Decoupling without outsourcing? How China’s consumption-based CO2 emissions have plateaued
8 November 2021
The shift of China’s economy since 2013, dubbed the “new normal”, has caused its production and consumption emissions to plateau, with the country seeming to embody the tantalizing promise of decoupling its economic growth from carbon emissions.
By using multi-region input-output analysis, we find that China’s relative decoupling in the new normal is technology driven, evidenced by the narrowing gap between its technology-adjusted and non-adjusted consumption emissions. By applying structural decomposition analysis, we further explore the driving forces behind the slowdown in China’s imported emissions growth, finding that it is attributable to restructuring of import patterns resulting from changes in the structures of domestic demand. These changes could have been caused by China moving along the global value chain and rebalancing its industrial linkages toward trade in carbon-efficient goods to avoid transferring emissions-intensive production to other regions, indicating a shift to less emissions-intensive trade rather than pure outsourcing.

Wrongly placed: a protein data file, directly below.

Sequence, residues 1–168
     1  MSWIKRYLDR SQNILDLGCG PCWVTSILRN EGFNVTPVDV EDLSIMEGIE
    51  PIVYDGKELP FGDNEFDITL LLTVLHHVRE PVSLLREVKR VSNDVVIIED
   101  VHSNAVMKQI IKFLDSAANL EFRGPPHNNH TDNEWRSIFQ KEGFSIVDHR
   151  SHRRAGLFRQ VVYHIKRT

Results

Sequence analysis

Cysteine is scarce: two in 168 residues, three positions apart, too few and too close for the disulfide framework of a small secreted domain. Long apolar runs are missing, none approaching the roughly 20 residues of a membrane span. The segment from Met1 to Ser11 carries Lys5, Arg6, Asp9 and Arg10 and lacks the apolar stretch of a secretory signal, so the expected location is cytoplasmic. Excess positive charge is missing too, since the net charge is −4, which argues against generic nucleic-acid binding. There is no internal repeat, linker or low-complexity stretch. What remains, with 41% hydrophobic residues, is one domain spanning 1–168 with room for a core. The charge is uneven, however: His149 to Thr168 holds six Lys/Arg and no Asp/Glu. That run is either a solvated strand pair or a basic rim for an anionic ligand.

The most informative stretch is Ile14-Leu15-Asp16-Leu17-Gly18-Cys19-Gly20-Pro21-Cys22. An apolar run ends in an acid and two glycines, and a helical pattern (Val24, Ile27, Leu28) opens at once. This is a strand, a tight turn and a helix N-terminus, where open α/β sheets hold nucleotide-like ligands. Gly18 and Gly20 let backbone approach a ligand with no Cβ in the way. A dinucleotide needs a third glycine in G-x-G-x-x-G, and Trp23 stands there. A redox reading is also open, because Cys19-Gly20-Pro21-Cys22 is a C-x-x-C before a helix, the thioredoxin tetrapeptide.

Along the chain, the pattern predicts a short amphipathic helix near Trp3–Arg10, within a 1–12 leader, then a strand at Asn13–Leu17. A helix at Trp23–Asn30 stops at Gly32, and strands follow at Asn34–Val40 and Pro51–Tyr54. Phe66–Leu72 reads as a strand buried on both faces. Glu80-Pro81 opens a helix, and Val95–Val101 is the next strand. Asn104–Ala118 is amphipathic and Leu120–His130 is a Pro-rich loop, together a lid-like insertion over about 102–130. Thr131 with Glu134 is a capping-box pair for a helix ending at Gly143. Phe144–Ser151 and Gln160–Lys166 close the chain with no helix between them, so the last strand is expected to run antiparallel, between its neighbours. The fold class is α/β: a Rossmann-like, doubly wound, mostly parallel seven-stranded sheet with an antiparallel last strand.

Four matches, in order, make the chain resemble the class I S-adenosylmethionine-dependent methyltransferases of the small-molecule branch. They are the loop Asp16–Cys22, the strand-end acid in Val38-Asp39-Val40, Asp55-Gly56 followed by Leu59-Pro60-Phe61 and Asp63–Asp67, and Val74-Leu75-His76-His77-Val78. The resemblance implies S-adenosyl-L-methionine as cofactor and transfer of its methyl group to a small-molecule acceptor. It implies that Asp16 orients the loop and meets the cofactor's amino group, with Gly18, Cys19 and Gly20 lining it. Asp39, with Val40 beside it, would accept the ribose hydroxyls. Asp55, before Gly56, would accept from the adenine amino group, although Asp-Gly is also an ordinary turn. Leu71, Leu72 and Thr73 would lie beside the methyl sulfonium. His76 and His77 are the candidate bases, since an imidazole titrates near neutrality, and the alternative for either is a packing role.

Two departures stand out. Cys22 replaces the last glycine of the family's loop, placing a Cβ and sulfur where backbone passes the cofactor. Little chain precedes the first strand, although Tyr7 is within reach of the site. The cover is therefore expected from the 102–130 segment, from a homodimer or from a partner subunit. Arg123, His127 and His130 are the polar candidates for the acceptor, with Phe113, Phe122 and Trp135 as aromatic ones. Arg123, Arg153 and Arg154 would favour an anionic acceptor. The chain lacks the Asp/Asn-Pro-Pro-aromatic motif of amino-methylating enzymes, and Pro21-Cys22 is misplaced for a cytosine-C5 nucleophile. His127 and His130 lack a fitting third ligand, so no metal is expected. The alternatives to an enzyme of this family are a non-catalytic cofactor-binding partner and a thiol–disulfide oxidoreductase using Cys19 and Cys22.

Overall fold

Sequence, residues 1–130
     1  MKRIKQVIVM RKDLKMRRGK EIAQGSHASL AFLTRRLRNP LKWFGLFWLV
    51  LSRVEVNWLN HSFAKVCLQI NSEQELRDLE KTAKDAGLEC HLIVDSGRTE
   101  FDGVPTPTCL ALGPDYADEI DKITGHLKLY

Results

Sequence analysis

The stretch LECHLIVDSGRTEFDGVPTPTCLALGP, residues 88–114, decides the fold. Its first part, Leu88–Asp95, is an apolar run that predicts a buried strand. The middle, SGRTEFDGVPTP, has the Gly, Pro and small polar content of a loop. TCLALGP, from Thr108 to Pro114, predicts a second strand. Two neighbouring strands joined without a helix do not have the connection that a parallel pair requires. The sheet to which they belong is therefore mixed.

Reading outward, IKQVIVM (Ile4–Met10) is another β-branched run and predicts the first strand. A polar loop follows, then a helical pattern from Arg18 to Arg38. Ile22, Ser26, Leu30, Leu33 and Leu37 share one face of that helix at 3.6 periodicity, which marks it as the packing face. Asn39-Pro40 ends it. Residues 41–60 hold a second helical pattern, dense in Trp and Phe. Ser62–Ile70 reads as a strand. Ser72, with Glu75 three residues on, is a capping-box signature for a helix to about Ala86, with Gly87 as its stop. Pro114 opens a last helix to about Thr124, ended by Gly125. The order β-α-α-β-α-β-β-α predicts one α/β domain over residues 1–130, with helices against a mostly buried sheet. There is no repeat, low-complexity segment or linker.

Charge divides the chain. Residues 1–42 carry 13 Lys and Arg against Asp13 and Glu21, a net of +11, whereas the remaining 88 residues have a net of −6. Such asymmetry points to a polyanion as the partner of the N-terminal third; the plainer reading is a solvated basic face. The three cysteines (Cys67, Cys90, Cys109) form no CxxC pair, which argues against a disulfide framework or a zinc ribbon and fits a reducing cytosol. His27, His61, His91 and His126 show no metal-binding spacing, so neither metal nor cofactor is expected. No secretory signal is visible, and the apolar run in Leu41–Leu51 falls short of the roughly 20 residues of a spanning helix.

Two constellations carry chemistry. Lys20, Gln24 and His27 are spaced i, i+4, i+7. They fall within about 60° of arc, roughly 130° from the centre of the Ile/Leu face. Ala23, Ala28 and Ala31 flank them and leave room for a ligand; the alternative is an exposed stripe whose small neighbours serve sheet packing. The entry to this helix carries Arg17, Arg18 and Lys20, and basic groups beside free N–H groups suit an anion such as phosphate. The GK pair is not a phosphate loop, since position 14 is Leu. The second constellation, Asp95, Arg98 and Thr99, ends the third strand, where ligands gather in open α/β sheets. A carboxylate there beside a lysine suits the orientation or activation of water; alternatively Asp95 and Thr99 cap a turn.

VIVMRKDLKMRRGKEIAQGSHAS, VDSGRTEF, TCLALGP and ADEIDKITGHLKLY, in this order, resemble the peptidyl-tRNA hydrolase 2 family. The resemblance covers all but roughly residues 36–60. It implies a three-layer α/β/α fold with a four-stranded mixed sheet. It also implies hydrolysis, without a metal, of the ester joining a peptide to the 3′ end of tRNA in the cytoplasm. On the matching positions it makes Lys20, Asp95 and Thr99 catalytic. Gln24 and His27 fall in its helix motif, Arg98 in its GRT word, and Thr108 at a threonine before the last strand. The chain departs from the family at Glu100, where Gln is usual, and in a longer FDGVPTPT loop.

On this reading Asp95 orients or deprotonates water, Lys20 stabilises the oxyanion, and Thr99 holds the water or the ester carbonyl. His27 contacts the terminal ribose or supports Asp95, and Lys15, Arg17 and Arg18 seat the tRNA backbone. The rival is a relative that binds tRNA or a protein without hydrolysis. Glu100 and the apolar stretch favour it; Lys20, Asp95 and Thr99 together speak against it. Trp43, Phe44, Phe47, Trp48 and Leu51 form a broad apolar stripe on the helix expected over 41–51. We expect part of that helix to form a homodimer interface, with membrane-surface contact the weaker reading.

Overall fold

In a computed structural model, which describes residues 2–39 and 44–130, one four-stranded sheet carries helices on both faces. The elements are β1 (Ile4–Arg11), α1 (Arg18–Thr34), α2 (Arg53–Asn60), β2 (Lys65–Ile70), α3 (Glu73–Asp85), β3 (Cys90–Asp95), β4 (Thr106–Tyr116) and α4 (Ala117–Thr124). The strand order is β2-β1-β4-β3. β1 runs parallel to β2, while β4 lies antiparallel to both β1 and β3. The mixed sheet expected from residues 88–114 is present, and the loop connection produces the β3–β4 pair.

Authors: Fergus Green, Zhifu Mi, Jiali Zheng, Dabo Guan, Jing Meng Kuishuang Feng, Xi Liang, Shouyang Wang